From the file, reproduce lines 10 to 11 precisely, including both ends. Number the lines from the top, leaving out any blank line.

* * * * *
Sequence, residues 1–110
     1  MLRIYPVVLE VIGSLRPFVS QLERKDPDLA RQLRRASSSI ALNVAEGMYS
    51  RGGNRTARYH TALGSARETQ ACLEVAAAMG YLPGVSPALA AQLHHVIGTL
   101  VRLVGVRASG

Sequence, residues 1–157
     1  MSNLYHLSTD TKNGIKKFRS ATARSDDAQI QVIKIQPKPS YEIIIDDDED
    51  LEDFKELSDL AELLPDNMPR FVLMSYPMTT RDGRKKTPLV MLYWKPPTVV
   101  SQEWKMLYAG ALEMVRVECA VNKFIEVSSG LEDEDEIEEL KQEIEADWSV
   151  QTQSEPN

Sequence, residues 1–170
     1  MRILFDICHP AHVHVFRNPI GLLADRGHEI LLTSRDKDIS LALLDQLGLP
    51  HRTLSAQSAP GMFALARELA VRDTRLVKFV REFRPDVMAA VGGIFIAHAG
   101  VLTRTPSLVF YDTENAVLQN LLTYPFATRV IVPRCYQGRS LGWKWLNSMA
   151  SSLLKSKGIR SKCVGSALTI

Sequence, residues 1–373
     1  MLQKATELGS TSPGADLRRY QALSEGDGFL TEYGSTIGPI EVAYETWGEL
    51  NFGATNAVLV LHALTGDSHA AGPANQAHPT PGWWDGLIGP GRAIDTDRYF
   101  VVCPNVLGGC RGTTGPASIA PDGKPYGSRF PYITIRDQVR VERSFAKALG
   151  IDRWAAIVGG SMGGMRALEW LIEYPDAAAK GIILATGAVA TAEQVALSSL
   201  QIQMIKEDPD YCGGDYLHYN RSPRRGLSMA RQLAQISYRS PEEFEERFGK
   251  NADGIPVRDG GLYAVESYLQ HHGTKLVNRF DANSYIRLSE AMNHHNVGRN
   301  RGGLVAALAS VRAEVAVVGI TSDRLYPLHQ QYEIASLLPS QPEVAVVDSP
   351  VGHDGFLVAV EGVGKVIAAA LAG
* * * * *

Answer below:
Sequence, residues 1–170
     1  MRILFDICHP AHVHVFRNPI GLLADRGHEI LLTSRDKDIS LALLDQLGLP